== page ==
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Brucellosis is a bacterial infection that originates in animals, which can cause long-lasting flu-like symptoms. It is rare in most developed countries.
In mainland Britain, brucellosis has been wiped out from cattle, goats, sheep, and pigs through the vaccination of animals, the test and slaughter of infected herds and the pasteurisation of milk.
However, it is still a problem globally: brucellosis is the most common zoonotic infection in the world ('zoonosis' means a disease that can be transmitted from animals to humans).
Brucellosis is a problem in:
If you are travelling to one of these areas, do not consume unpasteurised milk or milk products.
There is no human vaccine to protect you against brucellosis.
Humans usually become infected with brucellosis in one of the following ways:
Person-to-person spread is rare, although there have been cases of transmission from mother to baby through breastfeeding, and through sexual contact.
People at higher risk of brucellosis are laboratory workers, veterinarians, farmers and abattoir workers.
Brucellosis doesn't always cause symptoms – the infection may persist for several months without you even knowing.
When it does cause symptoms, they tend to last a long time. Typical symptoms include:
In some people, symptoms will develop suddenly over one to two weeks.
In others, symptoms may come on gradually and be persistent or relapsing (returning again and again), lasting for years.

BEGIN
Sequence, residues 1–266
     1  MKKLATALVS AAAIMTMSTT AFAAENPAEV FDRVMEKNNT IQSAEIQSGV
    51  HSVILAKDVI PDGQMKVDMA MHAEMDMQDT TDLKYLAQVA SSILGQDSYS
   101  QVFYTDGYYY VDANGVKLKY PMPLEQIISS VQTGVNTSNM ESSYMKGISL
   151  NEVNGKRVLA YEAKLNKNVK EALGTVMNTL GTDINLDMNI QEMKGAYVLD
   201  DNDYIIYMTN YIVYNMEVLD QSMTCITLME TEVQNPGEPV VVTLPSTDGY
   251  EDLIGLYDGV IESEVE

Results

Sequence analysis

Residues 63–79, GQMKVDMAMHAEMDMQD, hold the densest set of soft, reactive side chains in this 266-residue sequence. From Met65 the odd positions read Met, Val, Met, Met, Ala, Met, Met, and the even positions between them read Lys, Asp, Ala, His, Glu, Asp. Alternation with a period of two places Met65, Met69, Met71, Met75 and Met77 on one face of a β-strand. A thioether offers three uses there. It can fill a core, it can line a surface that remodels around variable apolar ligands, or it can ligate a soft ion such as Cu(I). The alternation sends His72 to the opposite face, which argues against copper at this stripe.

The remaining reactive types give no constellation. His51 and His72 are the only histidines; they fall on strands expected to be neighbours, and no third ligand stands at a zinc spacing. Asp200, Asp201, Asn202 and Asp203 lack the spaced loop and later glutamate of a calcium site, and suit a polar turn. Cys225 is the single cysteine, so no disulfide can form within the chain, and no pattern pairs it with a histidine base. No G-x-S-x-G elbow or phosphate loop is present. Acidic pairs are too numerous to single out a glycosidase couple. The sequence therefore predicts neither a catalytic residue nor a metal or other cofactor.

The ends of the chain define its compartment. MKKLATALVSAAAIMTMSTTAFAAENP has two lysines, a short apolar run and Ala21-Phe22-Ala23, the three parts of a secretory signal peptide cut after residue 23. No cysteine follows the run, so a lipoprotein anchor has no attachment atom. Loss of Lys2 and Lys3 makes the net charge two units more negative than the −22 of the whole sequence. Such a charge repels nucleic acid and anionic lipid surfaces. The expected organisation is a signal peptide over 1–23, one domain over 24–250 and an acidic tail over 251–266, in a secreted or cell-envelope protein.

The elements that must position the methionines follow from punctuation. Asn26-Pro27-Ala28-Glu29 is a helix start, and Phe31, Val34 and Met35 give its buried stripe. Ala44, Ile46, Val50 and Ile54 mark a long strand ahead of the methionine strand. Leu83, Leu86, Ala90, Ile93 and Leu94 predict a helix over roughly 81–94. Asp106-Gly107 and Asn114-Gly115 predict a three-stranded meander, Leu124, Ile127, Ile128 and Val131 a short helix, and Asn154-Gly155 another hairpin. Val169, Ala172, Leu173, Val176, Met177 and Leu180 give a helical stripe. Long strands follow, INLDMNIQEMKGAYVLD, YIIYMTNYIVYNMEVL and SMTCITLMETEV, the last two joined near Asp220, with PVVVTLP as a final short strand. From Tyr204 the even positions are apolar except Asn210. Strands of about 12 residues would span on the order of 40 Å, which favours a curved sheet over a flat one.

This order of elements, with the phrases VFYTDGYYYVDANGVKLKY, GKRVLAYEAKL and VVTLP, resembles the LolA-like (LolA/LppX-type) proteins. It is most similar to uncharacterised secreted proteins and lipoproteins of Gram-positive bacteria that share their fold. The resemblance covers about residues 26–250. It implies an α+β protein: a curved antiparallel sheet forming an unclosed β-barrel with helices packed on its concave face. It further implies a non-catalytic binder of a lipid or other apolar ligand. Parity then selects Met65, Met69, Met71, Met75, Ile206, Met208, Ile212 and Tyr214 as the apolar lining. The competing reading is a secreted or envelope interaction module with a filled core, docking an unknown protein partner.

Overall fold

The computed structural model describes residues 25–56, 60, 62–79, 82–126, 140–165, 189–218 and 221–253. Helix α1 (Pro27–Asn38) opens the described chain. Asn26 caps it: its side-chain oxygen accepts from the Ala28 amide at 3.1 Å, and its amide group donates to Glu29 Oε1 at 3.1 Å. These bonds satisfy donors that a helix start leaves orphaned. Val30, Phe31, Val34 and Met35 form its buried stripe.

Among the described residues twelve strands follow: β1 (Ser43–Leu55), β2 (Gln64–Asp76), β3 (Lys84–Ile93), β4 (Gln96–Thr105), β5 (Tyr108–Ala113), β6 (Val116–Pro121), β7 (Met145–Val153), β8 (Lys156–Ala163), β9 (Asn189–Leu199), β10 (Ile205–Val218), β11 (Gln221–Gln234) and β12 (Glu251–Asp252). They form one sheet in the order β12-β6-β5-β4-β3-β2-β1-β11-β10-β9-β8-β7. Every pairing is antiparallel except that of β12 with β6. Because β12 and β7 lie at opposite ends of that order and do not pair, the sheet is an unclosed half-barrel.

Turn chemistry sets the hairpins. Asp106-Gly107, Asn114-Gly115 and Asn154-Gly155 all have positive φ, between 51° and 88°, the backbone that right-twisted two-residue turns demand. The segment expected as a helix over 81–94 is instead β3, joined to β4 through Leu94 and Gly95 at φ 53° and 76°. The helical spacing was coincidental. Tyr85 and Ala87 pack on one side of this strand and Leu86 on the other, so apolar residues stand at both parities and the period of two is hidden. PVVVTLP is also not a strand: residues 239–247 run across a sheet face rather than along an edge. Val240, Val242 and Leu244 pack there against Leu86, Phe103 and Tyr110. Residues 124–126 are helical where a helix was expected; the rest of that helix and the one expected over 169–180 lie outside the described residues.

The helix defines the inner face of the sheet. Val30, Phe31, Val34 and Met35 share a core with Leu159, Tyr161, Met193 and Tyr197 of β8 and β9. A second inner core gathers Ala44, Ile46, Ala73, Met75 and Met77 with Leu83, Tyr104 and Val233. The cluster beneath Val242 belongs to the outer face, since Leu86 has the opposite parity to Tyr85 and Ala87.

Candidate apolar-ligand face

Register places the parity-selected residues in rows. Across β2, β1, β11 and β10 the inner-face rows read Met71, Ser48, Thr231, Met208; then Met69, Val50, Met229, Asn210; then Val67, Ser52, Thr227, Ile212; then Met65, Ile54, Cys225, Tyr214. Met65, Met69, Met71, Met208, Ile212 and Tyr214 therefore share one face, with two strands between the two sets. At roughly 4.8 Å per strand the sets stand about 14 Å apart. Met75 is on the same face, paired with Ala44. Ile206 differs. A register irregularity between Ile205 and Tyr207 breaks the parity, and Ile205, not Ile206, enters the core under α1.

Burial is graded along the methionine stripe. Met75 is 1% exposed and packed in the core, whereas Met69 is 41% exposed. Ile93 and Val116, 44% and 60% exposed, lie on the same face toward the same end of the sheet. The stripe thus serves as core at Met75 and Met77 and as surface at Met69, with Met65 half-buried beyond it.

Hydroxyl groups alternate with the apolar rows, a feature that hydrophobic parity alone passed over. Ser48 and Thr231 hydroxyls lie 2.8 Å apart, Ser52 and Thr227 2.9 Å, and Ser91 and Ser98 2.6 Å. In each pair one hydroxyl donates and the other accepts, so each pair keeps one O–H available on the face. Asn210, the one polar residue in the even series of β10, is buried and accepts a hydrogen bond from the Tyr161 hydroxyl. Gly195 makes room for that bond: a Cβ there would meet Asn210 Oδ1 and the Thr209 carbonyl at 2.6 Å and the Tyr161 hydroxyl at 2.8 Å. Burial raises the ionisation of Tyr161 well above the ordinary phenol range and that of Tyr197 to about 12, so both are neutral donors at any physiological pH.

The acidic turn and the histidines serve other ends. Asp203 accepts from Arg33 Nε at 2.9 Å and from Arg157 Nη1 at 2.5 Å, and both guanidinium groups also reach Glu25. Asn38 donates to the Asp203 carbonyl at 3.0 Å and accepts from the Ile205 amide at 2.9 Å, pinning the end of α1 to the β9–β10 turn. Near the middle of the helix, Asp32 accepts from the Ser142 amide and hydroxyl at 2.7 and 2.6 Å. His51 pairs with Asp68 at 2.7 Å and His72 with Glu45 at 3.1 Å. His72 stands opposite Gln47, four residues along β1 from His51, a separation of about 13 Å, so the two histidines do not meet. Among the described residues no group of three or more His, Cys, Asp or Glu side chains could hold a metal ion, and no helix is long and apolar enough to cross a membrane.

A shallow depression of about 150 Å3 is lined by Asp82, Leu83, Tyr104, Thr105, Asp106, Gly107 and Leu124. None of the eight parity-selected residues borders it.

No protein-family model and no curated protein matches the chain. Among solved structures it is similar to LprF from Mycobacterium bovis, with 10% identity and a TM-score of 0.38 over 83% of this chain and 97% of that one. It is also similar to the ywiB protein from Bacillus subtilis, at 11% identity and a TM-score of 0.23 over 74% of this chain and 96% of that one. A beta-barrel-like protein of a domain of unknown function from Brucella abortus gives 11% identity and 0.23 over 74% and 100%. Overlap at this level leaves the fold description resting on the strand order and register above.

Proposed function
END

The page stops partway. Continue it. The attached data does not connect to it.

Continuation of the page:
It can occasionally take up to six months for the disease to show.
Brucellosis is usually diagnosed by your doctor taking a blood sample and sending this to a laboratory. The blood sample is tested for the antibodies against the brucellosis bacteria.
Brucellosis is treated with two or more different antibiotics, such as doxycycline with gentamicine or doxycycline with rifampicin.
The combination prescribed will vary depending on your age and the severity of the disease.
Brucellosis can make you feel very ill and be long-lasting, however, it is rarely fatal in humans.
Most people recover completely without complications after antibiotic treatment.
However, if left untreated, up to 2% of patients may develop endocarditis (infection of the heart), which can be fatal.
Important: Our website provides useful information but is not a substitute for medical advice. You should always seek the advice of your doctor when making decisions about your health.